Pope Francis plans to get coronavirus vaccine, calling it ethical obligation

In a forthcoming television interview, Pope Francis says that he will soon receive a coronavirus vaccination, perhaps as early as next week, while calling the inoculation a duty for everyone.

“I believe that ethically everyone needs to receive the vaccine,” Francis said in an interview with Italy’s TG5 that will air Sunday.

Francis did not specify the exact timing of his inoculation, but the pontiff said the Vatican’s vaccine rollout will begin next week and that he had already booked an appointment.

Francis’s plan sends a significant pro-vaccine signal to the world’s 1.3 billion Catholics. But it also marks a crucial step in safeguarding an 84-year-old who is missing part of a lung, doesn’t like to wear a mask and relishes face-to-face interaction. Medical experts say even those vaccinated should continue to wear a mask.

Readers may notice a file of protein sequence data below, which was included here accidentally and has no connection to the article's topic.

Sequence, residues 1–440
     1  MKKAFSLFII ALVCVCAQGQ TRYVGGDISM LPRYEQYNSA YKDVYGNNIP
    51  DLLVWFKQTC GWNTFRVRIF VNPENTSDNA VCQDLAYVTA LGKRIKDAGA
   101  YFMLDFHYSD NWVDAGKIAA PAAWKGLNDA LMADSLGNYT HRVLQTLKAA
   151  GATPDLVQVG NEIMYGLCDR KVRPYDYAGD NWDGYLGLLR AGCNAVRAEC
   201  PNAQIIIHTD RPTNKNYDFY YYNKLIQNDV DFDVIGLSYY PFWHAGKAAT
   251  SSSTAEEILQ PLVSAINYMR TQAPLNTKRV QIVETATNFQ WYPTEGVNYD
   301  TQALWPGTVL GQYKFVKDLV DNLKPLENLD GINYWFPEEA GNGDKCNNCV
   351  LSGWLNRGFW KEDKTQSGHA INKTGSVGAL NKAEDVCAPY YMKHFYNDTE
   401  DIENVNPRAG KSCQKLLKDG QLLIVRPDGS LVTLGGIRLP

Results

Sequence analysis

Vatican watchers had widely anticipated that Francis would be administered the jab, and he has spoken favorably for months about the international vaccine effort, calling it a light of hope “in this time of darkness.” Until now, though, the Vatican had remained vague on its vaccine plans for the pope. The Holy See only said that its campaign would first target the elderly, medical personnel, and those most in contact with the public

The Vatican’s health director said the city-state would be using the vaccines produced by Pfizer-BioNTech.

In the upcoming interview, Francis suggested his own perspective on vaccines had been shaped by childhood memories of polio, when “so many kids ended up paralyzed because of this and there was a desperation to receive the vaccine.”

“I don’t know why some will say, ‘No, the vaccine is dangerous.’” Francis said. “But if doctors offer it to you as something that can work, that poses no special risk, why not take it? There is a suicidal denialism that I wouldn’t know how to explain, but today you need to take the vaccine.”

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